sliced bread, toasted

Melt butter and cheese together over low heat; stir in the beer and continue to stir until the mixture is well blended. Remove from heat and beat in egg and seasonings. Arrange several slices of toast in a shallow pan and pour the rarebit over them. Brown briefly under a broiler and serve while still bubbling. Serves 2, or 4 as an appetizer.

(I really have no idea why Winsor McCay made such a big deal about the hallucinatory properties of this dish, but do let me know if you have any weird dreams after eating it!)

Dream of the Rarebit Fiend. by Winsor McCay, The New York Evening Telegram, May 30, 1908;
Waking Dream of the Rarebit Fiend
, Boston Globe, Oct. 31, 2007;
Dream of The Rarebit Fiend: The Saturdays
, by Winsor McCay.

Things to Add to Omelets

Wed, Nov 19 • 0

Brown eggs taste no different from white eggs. Rhode Island Red hens give you brown eggs … the older the hen, the darker the egg.

Creamed or plain chipped beef;
Crumbled, crisp bacon bits;
Strips of thinly sliced ham or bologna (fried);
Fried minced onions, scallions, green peppers, pimentos;
Creamed or sauteed mushrooms;
Minced leftover vegetables (especially spinach) or meat in a thick cream sauce;
Freshly grated Gruyere, Swiss, Parmesan, Romano, or cheddar cheese;
Chopped fresh herbs: chives, parsley, chervil, tarragon, or thyme;
Flaked cooked fish (minus skin and bones), leftover or canned;
Minced lobster, crab, or shrimp;
Chopped canned anchovies …

Really, though, the possibilities are endless, provided its cut up very fine and, aside from the fresh herbs, precooked.

What’s inside your favorite omelet?

What’s a “Heritage” Turkey?

Sun, Nov 16 • 0

You’ve probably seen this phrase tossed about a lot lately, what with the holidays approaching. Your choices of what kind of turkey to put on the table seems to be widening, and the confusion mounts. Heritage turkeys are heirloom varieties, the ancestor breeds of the much more common but freak-of-nature, broad-breasted white turkey.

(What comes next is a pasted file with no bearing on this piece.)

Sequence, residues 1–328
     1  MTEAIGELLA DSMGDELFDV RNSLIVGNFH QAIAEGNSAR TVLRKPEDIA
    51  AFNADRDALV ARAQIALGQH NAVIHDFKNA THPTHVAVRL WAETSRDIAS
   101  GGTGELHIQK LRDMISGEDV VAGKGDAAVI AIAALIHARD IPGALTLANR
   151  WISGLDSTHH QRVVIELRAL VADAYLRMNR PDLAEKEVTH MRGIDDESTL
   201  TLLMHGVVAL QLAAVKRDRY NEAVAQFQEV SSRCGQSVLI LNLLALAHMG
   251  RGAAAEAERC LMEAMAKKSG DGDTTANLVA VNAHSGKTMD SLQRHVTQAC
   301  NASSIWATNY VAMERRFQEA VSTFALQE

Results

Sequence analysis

Heritage does not denote any specific breed of bird. In fact, you could conceivably buy the same breed of bird, marketed as “heritage” that are raised locally on pasture that you’d buy deep-frozen with the Butterball label on it. Standard breeds of turkey include Black, Bronze, Narragansett, White Holland, Slate, Bourbon Red, Beltsville Small White, and Royal Palm. The American Livestock Breeds Conservancy includes all of the standard breeds plus a few others under the definition of “heritage,” including Chocolate, Lavendar/Lilac, Jersey, Buff, and Midget White. The vast majority of birds available for the American consumer are the Hybrid Broad-breasted White, which are bred to meet the commercial turkey industry’s desire for birds with accelerated growth rates and unnatural proportions of white and dark meat.

In 1997, a census by the National Turkey Federation found that 301,000,000 turkeys were produced commercially but only 1,335 turkeys were heritage birds. Today, that number hovers around 10,000.

According to the Heritage Turkey Foundation, all turkeys that are sold as heritage birds must have bodies that allow them to mate naturally, are hardy enough to live their whole lives outdoors, and are allowed to grow at a natural rate. Strictly speaking, the birds marked as heritage are not necessarily free-range nor are they raised organically, but considering the small number of birds that can be classified as such, chances are good that these birds were raised in a healthier and more humane environment than your typical industrial turkey farm.

Be aware that because there are so few birds available on the market, it may already be too late to get one for your holiday table in 2008, and you need to get your orders in by early November. But the good news is, the more people who seek out and are willing to pay a little extra for these special birds, the more will come to market in the coming seasons.